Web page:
Modular functions and their CM values
Student No.:50
Time:Mon/Wed 15:10-17:00, 2014-06-30 ~ 2014-08-06
Instructor:Tonghai Yang  [University of Wisconsin]
Place:Conference Room 3, Floor 2, Jin Chun Yuan West Building
Starting Date:2014-6-30
Ending Date:2014-8-6





This course is aimed at high level undergraduates and lower level graduate students. It is a little more research oriented. It will be a combination of lectures and discussions. Active involvement is essential. Students should also be willing to accept some unknown (to them) facts. 


The course is focusing around understanding and generalizing the following interesting fact. Let $j(z)$ be the famous $j$-invariant (modular function), compute $j(\frac{1+\sqrt{-163}}2)$ and $j(\frac{1+\sqrt{-163}}2) –j(\sqrt{-1}), (you may assume that they are both integers). You will find them huge but their prime factorization has only very small prime factors. Why? Are they accidental or is there some underlying beautiful theory behind it? That is the focus of this short course.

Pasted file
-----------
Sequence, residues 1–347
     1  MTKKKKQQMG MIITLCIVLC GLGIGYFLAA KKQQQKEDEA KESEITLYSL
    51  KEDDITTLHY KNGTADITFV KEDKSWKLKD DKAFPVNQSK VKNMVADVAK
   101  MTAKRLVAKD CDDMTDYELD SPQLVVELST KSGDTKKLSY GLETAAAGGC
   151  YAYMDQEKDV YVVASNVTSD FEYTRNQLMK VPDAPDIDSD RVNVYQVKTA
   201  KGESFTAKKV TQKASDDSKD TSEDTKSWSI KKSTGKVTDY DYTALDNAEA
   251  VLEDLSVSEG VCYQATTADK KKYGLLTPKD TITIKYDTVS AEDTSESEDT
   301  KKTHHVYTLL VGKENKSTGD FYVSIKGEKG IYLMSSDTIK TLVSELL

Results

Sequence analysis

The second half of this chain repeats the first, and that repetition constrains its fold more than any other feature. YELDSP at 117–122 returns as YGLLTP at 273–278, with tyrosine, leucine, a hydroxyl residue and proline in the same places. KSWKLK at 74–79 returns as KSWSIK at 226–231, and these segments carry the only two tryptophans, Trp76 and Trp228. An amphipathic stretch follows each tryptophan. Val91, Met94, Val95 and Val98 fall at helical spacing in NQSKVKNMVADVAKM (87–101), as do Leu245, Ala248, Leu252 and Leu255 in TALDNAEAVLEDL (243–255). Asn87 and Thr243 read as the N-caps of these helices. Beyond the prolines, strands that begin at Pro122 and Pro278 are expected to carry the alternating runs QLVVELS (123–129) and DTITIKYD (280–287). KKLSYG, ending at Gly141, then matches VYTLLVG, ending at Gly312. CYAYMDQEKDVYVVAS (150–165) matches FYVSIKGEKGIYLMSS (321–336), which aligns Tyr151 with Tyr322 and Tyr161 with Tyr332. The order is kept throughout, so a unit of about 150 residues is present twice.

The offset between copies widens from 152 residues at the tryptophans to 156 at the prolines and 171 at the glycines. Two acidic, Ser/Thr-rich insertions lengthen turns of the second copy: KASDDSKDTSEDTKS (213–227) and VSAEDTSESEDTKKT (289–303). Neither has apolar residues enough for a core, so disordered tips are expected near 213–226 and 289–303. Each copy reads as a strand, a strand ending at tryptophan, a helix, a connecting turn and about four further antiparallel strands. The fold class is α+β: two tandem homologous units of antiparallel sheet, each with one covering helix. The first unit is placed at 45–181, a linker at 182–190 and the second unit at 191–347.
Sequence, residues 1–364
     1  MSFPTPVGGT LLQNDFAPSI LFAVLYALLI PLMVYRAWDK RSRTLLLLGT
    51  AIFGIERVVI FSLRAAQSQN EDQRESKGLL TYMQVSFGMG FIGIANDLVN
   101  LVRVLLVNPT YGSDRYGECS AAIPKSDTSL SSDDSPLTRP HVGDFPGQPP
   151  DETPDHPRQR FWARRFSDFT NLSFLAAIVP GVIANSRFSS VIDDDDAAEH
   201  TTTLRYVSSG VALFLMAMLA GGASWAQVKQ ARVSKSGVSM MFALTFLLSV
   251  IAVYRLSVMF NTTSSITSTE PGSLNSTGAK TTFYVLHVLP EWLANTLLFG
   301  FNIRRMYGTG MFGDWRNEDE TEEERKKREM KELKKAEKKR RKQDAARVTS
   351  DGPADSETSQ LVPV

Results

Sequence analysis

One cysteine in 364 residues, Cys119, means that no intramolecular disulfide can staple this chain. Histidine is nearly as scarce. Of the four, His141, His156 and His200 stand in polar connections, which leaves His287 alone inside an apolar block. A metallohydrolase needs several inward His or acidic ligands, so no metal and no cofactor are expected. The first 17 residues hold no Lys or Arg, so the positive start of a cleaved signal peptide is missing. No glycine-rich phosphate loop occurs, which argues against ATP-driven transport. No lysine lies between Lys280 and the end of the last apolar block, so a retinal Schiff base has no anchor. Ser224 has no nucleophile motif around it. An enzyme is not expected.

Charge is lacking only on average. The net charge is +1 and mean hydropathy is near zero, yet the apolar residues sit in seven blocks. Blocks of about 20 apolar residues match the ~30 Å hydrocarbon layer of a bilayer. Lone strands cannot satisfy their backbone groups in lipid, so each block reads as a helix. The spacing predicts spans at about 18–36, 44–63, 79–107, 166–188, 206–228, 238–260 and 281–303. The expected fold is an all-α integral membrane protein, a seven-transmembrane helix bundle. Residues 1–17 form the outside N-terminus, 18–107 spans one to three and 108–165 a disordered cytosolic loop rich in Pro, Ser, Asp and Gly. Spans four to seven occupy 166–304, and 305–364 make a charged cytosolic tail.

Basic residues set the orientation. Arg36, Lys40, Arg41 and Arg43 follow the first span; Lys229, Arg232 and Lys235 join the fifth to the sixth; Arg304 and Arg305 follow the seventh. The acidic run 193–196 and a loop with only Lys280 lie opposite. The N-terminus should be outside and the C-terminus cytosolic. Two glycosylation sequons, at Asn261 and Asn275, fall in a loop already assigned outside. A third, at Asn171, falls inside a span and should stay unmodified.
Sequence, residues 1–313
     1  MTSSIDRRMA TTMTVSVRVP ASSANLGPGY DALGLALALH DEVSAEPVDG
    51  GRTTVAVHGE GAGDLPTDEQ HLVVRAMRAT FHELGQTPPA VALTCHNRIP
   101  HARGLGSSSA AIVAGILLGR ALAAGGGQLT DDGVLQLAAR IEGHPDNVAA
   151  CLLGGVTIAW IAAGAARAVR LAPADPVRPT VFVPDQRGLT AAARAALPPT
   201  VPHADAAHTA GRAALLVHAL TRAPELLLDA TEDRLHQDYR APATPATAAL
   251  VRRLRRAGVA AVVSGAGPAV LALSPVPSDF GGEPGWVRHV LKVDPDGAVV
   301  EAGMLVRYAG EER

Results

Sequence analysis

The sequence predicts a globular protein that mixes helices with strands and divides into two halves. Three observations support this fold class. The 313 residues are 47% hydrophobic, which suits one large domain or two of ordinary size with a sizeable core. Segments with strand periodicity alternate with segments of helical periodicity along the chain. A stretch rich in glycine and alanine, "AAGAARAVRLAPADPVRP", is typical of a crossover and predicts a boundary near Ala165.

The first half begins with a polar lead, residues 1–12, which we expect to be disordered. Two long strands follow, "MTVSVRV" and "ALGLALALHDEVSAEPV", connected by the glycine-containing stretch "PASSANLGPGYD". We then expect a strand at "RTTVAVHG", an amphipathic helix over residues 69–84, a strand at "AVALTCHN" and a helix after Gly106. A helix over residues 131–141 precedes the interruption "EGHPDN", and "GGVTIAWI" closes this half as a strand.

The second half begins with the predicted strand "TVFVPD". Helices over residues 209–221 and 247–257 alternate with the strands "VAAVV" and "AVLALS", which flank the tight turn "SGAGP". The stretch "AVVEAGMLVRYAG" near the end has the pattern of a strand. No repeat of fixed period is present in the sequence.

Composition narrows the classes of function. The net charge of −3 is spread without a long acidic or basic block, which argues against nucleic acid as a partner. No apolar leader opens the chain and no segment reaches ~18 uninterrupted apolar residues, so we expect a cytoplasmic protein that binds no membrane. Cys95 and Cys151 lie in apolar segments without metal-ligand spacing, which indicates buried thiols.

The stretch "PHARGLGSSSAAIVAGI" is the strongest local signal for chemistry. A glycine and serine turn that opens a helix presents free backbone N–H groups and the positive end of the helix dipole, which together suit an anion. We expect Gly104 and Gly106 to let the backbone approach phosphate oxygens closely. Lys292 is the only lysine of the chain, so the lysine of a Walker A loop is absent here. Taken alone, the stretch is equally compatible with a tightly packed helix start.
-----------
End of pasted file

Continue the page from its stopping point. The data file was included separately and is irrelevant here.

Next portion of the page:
Continuing discussion of these topics after the short course is welcome via various means.




Algebraic number theory and a little complex analysis.


Knowing a little about classical modular forms, modular curves, and/or complex multiplication will be a plus.




For background on modular form and modular curves, pick any graduate text book on this subject. For complex multiplication, see J. Silverman Advanced topics in the arithmetic of elliptic curves, or Shimura’s book on complex multiplication.

For the topics itself, see for example

1.       B. Gross and D. Zagier, On singular moduli. J. Reine Angew. Math.   355 (1985), 191—220

2.       Borcherds forms and generalizations of singular moduli. J. Reine Angew. Math. 629(2009), 1–36  
3.     J. Bruinier and T.H. Yang, Faltings heights of CM cycles and derivatives of L-functions.Invent. Math. 177 (2009), no. 3, 631–681